Jamie Promislo, owner of Revel Ride: “These steps aren’t new, people are just simply paying more attention to them! The intention of these emails is to put our riders at ease — to let them know that we hear their concerns and that we’re monitoring our actions based on CDC and WHO updates. At Revel, we like to point to the fact that we always have and always will put the cleanliness of our studio and health of our riders first. We thoroughly disinfect our bikes and weights after every class, as well as all parts of the studio multiple times per day. As an extra step, we’re offering riders the option to wipe their bikes down themselves prior to class starting, if they want some extra peace of mind.”

Callie Kim, co-founder of Tuck Barre & Yoga: “We have not sent out an email because we want messages from medical experts at the CDC or elsewhere to ring loudest. Our clients know that we are hyper-vigilant about cleanliness already — all barres, props, and mats are thoroughly disinfected after each class. When we designed the studios, we didn’t install carpet to ensure we could disinfect floors, all of which are disinfected and bleached. The general rule of thumb for yoga studio spacing is to have a block’s width between participants, and we cap our classes to give way more than that amount of space. This cap ensures that everyone has an appropriate amount of space to move around and to decrease the risk of transmitting germs.”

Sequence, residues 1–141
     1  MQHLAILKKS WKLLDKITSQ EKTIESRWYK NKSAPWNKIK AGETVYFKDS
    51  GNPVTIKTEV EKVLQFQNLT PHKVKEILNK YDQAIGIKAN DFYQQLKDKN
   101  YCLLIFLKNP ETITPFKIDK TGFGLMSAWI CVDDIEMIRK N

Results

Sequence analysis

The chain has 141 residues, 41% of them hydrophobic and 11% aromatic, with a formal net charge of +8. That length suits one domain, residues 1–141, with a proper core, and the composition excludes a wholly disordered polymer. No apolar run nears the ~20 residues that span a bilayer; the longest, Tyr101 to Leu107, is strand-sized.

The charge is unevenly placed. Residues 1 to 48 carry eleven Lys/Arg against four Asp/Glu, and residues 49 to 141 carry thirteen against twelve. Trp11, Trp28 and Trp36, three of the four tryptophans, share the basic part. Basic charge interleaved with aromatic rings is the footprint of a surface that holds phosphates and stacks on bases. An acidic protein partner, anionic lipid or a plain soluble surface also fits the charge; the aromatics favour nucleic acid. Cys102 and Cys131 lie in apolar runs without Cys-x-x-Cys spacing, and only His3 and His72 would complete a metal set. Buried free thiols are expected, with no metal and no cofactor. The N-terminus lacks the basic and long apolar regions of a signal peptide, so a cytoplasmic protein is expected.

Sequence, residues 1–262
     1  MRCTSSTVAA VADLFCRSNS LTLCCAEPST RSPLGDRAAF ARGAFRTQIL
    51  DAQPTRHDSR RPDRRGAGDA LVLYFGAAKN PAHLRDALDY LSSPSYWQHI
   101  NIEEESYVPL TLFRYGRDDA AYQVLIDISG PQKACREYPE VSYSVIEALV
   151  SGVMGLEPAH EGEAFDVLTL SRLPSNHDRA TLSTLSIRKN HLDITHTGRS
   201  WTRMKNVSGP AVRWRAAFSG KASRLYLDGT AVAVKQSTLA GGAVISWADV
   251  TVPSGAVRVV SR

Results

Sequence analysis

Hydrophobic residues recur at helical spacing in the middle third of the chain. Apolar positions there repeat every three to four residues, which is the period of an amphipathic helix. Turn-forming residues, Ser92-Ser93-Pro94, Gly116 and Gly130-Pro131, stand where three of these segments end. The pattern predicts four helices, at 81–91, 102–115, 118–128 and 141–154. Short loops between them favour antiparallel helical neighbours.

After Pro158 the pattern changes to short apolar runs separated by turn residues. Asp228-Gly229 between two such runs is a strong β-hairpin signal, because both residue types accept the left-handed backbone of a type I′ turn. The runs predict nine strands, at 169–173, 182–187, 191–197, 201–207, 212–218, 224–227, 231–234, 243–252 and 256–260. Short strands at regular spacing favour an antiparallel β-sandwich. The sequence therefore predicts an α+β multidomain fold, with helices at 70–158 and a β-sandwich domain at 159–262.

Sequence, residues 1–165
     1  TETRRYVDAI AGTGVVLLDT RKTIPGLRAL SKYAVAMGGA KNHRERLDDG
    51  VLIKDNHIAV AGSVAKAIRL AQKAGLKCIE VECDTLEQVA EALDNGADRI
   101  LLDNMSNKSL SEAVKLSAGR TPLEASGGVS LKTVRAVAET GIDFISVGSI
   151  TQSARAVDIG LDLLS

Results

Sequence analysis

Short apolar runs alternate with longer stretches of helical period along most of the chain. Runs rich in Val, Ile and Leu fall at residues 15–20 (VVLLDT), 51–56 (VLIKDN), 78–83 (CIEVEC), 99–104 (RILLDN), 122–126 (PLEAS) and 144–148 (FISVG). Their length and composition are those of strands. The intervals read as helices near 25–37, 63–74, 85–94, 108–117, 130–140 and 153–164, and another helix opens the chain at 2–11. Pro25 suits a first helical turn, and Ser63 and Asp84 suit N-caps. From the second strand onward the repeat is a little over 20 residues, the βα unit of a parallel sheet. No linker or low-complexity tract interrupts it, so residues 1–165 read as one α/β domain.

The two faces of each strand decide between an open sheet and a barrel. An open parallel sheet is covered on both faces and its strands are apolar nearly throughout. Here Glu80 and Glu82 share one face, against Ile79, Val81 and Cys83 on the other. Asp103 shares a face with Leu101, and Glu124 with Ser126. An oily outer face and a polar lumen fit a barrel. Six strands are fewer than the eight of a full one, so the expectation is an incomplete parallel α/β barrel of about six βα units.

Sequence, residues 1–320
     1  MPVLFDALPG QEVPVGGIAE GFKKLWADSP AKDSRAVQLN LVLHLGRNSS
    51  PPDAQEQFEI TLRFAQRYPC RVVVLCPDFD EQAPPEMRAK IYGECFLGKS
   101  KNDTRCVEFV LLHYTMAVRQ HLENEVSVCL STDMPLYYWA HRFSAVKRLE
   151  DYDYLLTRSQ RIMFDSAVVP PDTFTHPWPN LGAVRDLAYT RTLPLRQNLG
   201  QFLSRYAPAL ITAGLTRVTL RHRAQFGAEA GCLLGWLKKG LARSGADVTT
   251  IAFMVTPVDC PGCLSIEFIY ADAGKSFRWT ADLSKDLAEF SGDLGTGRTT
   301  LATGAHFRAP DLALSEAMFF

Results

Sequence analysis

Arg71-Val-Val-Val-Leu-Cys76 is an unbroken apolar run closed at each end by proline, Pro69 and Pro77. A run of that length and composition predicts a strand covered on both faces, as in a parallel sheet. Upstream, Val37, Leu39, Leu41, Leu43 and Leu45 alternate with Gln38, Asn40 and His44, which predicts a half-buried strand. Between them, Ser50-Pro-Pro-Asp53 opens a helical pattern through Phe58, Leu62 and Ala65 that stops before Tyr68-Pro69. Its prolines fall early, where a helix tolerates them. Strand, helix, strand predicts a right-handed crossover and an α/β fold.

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From a business perspective, how do you anticipate the coronavirus will impact fitness studios?
Dana Auriemma, owner of Freehouse Fitness: “At Freehouse we aren’t currently experiencing a decrease in attendance, but I expect fitness studios could see an attendance drop at some point as an overall reflection of people limiting their public exposure. Anecdotally, with some of our clients working from home recently, we are seeing them take more classes at different times of the day.”